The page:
Construction Law Insights

Caldwell-Bono v. State Bldg. Code Tech. Review Bd., 2019 Va. App. LEXIS 273 (Va. Ct. App. Nov. 26, 2019)

Deborah Caldwell-Bono and Benny Bono (the “Bonos”) own properties near the property of Kimberly Bolden and her mother (the “Boldens”) and operate an equestrian center on one of the properties. The Boldens’ property was zoned for agricultural use, but the Boldens were granted a special use permit to host weddings and other events in a converted barn. The Bonos alleged that the Boldens’ event business caused noise, traffic, and other safety risks that affected their equestrian center’s business and made it difficult to find renters. In support of their allegations, the Bonos submitted the opinion of an architect who stated the barn was a fire risk due to exposed wiring in the barn.

Over the Bonos’ protestations, the Building Commissioner determined that the Boldens’ barn was a “farm building,” and thus exempt from the Virginia Uniform Statewide Building Code (the “Building Code”) and inspection as a commercial property. The Bonos appealed to Roanoke County’s Building Code Board of Adjustment and Appeals (the “Appeals Board”), which affirmed the Commissioner's decision. The Bonos appealed that decision to the State Building Code Technical Review Board (the “Board”), which also affirmed the Building Commissioner’s decision. Both decisions found that the Bonos were not “aggrieved parties'' as the Virginia Administrative Process Act (“VAPA”) defined that term, and could therefore not pursue an administrative appeal of the Commissioner's decision. Bono’s challenge to the Bolden property zoning or issuance of the special permit because that was the subject of a separate action. The Bonos appealed to the circuit court. The circuit court sustained the County’s Demurrer, which again argued that the Bonos were not aggrieved parties under the VAPA. The Bonos appealed the circuit court’s decision.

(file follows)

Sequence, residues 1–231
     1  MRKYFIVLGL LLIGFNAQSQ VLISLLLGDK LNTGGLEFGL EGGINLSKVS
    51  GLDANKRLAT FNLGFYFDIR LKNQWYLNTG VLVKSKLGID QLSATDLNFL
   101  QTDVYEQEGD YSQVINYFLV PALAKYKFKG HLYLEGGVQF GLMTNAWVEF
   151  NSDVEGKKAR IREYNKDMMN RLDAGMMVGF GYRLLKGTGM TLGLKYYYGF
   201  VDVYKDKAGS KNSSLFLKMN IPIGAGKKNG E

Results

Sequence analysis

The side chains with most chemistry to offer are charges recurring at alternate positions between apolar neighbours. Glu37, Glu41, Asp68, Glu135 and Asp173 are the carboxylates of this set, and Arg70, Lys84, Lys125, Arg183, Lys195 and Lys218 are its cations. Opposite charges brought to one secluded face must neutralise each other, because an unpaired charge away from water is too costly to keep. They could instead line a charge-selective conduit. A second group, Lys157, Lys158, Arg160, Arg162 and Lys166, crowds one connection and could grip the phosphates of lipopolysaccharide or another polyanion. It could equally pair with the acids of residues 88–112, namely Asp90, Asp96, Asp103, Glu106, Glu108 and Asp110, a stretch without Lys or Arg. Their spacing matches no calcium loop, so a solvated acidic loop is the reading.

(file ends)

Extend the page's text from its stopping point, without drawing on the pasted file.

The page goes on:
The Court of Appeals held that the Bonos were not aggrieved parties under the VAPA and, therefore, lacked standing to appeal the Commissioner's determination through administrative action. VAPA provides that any party “aggrieved” by the Board’s decision have the right to direct review in the appropriate circuit court, whose judgment is further subject to appeal to or review by higher courts. The Court of Appeals held that the word “aggrieved” refers to “substantial grievance, a denial of some personal or property right, or the imposition upon a party of a burden or obligation.” The petition must show an immediate, pecuniary and substantial interest in the litigation, and not a remote or indirect interest.

The Bonos introduced no evidence that they suffered any deprivation of a personal or property right, or an imposition of any burden or obligation on their rights, from the determination that the Boldens’ barn was a “farm building.” Noise and activity complaints were germane to the Bonos’ appeal of the county’s zoning decision and issuance of a special permit, which was not before the court. The alleged fire risk was speculative and, despite their concerns, the Bonos’ business had suffered no demonstrable harm. The Court therefore found that the Bonos alleged a “remote and indirect interest” in the Building Commissioner's decision, not an “immediate, pecuniary and substantial interest” that would make them “aggrieved” in the present sense. Accordingly, they had no cause of action under the VAPA.

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